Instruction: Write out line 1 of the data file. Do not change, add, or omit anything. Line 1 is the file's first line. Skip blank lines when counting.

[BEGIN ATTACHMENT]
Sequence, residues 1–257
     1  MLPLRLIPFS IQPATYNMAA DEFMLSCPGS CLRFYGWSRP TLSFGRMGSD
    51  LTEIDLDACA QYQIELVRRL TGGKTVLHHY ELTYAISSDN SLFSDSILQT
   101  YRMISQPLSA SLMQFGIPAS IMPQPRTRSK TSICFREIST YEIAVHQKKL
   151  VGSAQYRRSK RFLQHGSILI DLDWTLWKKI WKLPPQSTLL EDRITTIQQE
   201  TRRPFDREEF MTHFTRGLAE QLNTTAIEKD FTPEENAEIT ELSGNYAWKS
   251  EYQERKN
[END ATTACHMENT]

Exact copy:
Sequence, residues 1–257